As humans, we’re extremely visual creatures. In fact, 90 percent of the information we receive is visual, and we can identify images almost instantaneously (fewer than 13 milliseconds). The goal of visual search is to use artificial intelligence (AI) to match that recognition and perform accurate searches. Visual search is naturally the next step in AI’s evolution towards human-level thinking.
In our visual landscape, text-based searches are becoming inefficient. If a coworker is carrying a bag you really love, but don’t want to ask where they got it, you could type in a description and hope for the best. But imagine if you could take a picture to find out what brand it is, where to get it, and then find other similar bags. That’s what visual search aims to do.
How does visual search work?
Visual search is fundamentally different from text-based searches in that, with visual search, the image itself is the query. When we, as humans, look at an image, we don’t see an assortment of points, lines, and colors. Instead, we see the image as a whole and instantly identify that object.
Visual search aims to teach machines to do the same by using AI’s neural networks and machine learning technology to identify images. Once those images are identified, the technology can go further by connecting users with retailers, show similar images and products, and provide consumer reviews.
Why use visual search?
According to a Slyce study, 74 percent of respondents noted text-based keyword searches don’t sufficiently help them find the products they’re searching for. This is where visual search comes in handy. With it, users will no longer need to type in a product or item description, but can instead enter an image directly to more efficiently complete their search.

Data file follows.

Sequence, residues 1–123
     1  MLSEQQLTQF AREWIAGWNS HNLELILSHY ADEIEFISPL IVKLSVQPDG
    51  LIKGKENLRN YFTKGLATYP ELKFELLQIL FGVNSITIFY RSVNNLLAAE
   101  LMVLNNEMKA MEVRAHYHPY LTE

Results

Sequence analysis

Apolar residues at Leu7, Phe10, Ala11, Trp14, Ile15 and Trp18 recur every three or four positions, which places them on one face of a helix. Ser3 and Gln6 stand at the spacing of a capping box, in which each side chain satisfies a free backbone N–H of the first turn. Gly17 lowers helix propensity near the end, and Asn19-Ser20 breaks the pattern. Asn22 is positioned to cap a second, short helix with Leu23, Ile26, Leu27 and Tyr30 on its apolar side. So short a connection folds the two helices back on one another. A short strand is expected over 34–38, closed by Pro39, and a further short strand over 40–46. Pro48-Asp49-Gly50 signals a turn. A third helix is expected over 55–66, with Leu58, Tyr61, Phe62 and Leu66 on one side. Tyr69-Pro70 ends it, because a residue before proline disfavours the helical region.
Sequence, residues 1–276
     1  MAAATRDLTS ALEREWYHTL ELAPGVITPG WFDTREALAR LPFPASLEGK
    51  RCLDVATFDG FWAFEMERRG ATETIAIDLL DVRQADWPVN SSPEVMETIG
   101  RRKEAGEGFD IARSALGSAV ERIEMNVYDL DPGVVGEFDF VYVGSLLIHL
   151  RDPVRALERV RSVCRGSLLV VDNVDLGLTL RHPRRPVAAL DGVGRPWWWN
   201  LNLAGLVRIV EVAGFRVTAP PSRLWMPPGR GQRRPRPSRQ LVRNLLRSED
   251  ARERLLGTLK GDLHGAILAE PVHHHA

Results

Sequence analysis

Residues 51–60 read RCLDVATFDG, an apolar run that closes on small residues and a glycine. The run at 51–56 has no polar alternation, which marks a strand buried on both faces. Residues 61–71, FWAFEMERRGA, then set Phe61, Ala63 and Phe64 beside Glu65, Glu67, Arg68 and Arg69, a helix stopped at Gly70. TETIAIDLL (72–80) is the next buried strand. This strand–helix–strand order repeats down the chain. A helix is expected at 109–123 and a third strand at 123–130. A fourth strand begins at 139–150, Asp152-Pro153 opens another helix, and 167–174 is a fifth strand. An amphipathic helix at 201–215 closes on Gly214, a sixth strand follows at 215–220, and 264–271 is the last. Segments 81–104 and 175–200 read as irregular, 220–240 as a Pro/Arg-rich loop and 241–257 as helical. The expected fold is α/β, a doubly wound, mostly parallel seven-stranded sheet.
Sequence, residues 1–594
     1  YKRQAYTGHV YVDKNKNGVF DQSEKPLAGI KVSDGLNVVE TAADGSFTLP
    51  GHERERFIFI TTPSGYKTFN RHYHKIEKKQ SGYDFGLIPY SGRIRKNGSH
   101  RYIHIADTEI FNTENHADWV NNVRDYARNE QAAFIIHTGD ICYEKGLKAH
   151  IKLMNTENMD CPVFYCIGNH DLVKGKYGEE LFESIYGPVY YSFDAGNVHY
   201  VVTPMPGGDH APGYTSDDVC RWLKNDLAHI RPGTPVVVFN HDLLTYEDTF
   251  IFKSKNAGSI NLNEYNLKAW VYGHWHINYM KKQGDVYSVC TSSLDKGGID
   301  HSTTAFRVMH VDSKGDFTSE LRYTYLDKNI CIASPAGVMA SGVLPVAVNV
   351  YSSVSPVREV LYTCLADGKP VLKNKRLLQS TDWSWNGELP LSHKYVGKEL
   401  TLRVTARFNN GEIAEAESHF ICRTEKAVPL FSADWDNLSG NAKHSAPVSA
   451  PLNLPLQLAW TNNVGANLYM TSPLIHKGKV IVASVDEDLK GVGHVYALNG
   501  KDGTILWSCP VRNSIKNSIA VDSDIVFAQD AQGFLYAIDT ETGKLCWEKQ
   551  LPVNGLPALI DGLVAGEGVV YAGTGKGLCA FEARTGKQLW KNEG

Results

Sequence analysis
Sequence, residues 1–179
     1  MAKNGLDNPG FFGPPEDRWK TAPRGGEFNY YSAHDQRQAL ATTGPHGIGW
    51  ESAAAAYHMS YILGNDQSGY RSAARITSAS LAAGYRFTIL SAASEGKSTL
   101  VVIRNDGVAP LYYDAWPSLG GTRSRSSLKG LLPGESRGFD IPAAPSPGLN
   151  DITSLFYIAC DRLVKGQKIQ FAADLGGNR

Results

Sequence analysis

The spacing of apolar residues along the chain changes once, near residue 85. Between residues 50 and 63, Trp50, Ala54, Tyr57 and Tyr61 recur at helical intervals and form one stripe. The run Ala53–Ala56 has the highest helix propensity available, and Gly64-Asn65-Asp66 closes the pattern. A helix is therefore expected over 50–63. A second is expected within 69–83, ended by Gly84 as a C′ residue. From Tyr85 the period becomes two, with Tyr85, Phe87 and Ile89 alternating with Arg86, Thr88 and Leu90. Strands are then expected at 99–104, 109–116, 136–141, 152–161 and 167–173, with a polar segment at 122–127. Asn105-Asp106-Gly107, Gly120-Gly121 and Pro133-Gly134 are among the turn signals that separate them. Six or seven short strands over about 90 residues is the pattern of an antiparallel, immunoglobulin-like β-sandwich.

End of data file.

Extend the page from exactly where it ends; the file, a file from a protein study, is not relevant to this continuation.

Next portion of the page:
Pinterest’s CEO Ben Silbermann even said, “the future of search will be about pictures rather than keywords.” Why? Because visual search can quickly and accurately answer questions like, “What are some affordable alternatives to these sneakers?” and, “What is this actor’s name?” That’s why 62 percent of Gen Z and Millennial consumers want visual search capabilities more than any other new technology.
How does video fit in to visual search?
It’s hard to talk about visual search without talking about video. The “3 V’s” took center stage at CES a few years ago (voice, visual, and video) and already, sites like Amazon are incorporating video into their visual search technology, allowing companies and people alike to upload a video and have items in that video be quickly recognized by their AI.
Technology like this is leading to a world with video catalogs, video search, shoppable 360 video, and point, shoot, and buy technology. It’s happening sooner than you might think!
What industries benefit from visual search?
Ecommerce and retail are the most obvious industries for the implementation of visual and video search. From clothes, to home decor, you can take photos of the items you want, and use visual search platforms to identify those products, and even locate special sales and offers.
However, ecommerce and retail aren’t the only relevant sectors. Visual search could prove to be extremely useful in the travel industry, as well. If you’re on vacation in a foreign country or a new city, for instance, and want to learn about the architecture or a specific monument, you can take a picture or video and get all the information you need.